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Tony Abbott, Prime Minister of Australia

On 1 January 1901, the six colonies federated, forming the Commonwealth of Australia. Since Federation, Australia has maintained a stable liberal democratic political system that functions as a federal parliamentary democracy and constitutional monarchy comprising six states and several territories. The population of 23.6 million is highly urbanised and heavily concentrated in the eastern states and on the coast.

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Government House, Canberra, also known as “Yarralumla”, is the official residence of the Governor-General.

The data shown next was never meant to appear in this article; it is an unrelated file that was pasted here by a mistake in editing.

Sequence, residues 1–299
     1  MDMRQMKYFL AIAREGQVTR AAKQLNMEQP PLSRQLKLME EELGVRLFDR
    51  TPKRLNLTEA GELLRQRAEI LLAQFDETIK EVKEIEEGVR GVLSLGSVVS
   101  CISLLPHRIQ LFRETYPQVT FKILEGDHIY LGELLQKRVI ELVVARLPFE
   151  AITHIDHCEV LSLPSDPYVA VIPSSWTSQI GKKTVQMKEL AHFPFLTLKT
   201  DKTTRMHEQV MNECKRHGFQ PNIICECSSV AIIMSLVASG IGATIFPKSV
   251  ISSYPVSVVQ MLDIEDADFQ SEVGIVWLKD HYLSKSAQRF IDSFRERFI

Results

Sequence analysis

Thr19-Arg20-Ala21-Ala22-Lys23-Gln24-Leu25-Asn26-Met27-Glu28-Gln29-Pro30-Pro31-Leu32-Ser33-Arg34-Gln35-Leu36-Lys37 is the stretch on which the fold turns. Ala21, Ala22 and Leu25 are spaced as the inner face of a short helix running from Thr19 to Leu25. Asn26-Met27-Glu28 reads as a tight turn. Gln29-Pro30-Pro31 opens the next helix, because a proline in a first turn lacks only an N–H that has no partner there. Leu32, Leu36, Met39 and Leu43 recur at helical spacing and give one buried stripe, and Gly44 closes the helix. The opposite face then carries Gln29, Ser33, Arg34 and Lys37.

Australia is a developed country and one of the wealthiest in the world, with the world’s 12th-largest economy. In 2012 Australia had the world’s fifth-highest per capita income, Australia’s military expenditure is the world’s 13th-largest. With the second-highest human development index globally, Australia ranks highly in many international comparisons of national performance, such as quality of life, health, education, economic freedom, and the protection of civil liberties and political rights. Australia is a member of the United Nations, G20, Commonwealth of Nations, ANZUS, Organisation for Economic Co-operation and Development (OECD), World Trade Organization, Asia-Pacific Economic Cooperation, and the Pacific Islands Forum.

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Environment